Cancer Immunotherapy Race Stays Unpredictable
Cancer immunotherapy is a very hot field, and Bristol-Myers Squibb certainly took note, reallocating resources late last year to focus on the field, selling off its diabetes arm to AstraZeneca and ending new research in diabetes, hepatitis C and neuroscience.
Now recent promising results on Bristol-Myers' PD-1 therapy nivolumab makes Bristol-Myers an even more competitive contender in an already very close race with big names Merck and Roche .
PD-1 and PD-L1 (the ligand for the PD-1 receptor) agents work on proteins involved in programmed cell death of tumor cells. Journal of Clinical Oncology published March 3 research on nivolumab showing one and two year survival rates of 62% and 43%, 31% of patients showing objective tumor regression and a two year median response duration. This study examined advanced, treatment-refractory melanoma patients, making the response all the more impressive .
The big three: Merck, Bristol-Myers and Roche
The PD-1 race is a hot one, which Merck will likely lead, planning for submission to the FDA this summer. Merck had made MK-3475 a cornerstone of its expansion into cancer immunotherapy, hoping that the program will yield a success to end its drought of new drug approvals. Besides multiple early stage studies of MK-3475 in various tumor types in-house, it recently went on a slew of partnerships to study combination therapies for different cancers. Of these, Merck partnered with Incyte to examine a combination of MK-3475 with Incyte's INCB24360 in non-small cell lung cancers, and with Amgen to look at MK-3475 with talimogene laherparepvec.
Bristol-Myers is not by any means an underdog in this race, but the company's decision in late January to continue Phase II studies of its nivolumab and Yervoy combination rather than going to Phase III studies caused much criticism from investors yearning to make Bristol-Myers the first to a PD-1 therapeutic. The rationale behind Bristol-Myers' conservative approach was not clear as data from the study will not be released until this summer at the ASCO conference, but investors clearly took it for the worst as shares dropped nearly 6%, the biggest single-day drop since August of 2012.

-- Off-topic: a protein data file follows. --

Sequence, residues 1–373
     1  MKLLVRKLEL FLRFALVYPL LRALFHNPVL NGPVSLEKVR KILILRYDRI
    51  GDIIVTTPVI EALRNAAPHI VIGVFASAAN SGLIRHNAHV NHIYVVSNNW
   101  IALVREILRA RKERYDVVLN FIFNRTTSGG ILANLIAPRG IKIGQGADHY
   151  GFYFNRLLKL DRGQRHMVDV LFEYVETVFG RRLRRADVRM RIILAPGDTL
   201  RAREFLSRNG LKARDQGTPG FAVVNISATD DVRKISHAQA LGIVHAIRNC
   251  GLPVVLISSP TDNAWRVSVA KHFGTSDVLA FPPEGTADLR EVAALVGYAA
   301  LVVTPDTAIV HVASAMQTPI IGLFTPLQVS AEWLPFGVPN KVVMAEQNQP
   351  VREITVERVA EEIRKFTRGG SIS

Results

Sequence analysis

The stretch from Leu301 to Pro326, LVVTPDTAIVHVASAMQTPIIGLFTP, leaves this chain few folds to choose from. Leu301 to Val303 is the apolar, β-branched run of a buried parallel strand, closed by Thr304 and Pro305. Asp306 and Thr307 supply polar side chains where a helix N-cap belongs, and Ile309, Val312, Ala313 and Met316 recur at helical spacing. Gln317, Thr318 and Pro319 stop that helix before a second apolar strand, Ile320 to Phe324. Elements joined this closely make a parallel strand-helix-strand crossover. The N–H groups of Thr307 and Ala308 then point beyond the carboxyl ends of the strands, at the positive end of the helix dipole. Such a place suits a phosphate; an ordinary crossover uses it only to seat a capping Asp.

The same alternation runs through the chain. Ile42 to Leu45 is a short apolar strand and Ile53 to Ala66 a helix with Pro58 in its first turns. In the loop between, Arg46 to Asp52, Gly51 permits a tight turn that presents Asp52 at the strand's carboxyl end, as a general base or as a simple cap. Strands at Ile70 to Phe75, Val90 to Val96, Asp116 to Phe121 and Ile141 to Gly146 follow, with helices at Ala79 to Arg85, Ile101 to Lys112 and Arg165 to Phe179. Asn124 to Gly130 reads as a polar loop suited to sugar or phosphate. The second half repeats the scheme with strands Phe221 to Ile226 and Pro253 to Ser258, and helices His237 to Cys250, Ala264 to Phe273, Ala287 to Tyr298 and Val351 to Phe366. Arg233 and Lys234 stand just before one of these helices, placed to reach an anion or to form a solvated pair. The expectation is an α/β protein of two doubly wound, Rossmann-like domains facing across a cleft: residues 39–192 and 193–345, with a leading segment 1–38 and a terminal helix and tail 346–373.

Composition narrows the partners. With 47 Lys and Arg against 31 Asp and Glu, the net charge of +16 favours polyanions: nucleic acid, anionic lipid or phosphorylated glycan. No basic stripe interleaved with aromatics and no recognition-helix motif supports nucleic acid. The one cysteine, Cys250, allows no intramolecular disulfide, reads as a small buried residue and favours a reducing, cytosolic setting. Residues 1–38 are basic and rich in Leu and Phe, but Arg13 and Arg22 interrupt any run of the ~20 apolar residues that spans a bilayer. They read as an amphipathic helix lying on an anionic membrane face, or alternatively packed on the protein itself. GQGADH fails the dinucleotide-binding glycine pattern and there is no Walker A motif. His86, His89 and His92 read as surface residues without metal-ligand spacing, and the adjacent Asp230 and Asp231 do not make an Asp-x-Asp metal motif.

Interestingly, it was this Yervoy-nivolumab combination that really first set off the field when it showed a 40% response rate in melanoma last summer at ASCO. At the time, Merck was still fumbling to show much positive data and it was Bristol-Myers and Roche's MPDL3280A for non-small cell lung cancer that were seen as the frontrunners.
Since last fall, however, Roche has not released much in the way of new data for its agent. MPDL3280A is the only agent among the three leaders that operates on PD-L1 rather than PD-1, the latter being the receptor for which the former acts on.
Roche has, however, suffered a couple setbacks this year that may hurt investor confidence on its R&D success. The same day as Bristol-Myers' announcement of nivolumab's success in melanoma, Roche had a separate lung cancer therapy, MetMab combined with Tarceva, fail to block tumor growth in late-stage trials.
Nonetheless, Roche is looking pretty strong as the $16.3 billion in operating cash flow last year pays down its 2009 Genentech purchase and opens up the possibility for more dealmaking and R&D.
Looking at just the PD-1 race, Merck looks like it is certainly trying the hardest, with the aggressive pace at which it is rolling on MK-3475 projects. However, Merck suffers from a lack of empiricism when it comes to R&D, and the quick pace may be a result of desperation more than it is actual confidence -- this project is very important to the company.
Roche is historically strong in oncology, but had a couple recent setbacks in R&D and still needs to focus on building its cash reserves following the $47 billion Genentech acquisition. In the meantime, it has remained largely quiet about MPDL3280A as of late as compared to rivals Merck and Bristol-Myers, perhaps accepting its place lagging the two for a PD-1 therapy.
On the other hand, Bristol-Myers' great earnings reports, successful cost-cutting measures, new product launches (i.e. Eliquis) and strong sales (I.e. of Yervoy and Sprycel) put it in a very strong position as a company. When it comes to its PD-1 program, it does not need to make it a cornerstone project like Merck does, and it can afford to be more conservative in development.
However, the PD-1 race is a very competitive one and perhaps the recent study in advanced melanoma will spur Bristol-Myers to speed ahead on nivolumab. Bristol-Myers appears to have a very viable product on its hands and when it comes to R&D, empiricism and reputation is on its side.
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The article Cancer Immunotherapy Race Stays Unpredictable originally appeared on Fool.com.Amy Ho has no position in any stocks mentioned. The Motley Fool has no position in any of the stocks mentioned. Try any of our Foolish newsletter services free for 30 days. We Fools may not all hold the same opinions, but we all believe that considering a diverse range of insights makes us better investors. The Motley Fool has a disclosure policy.
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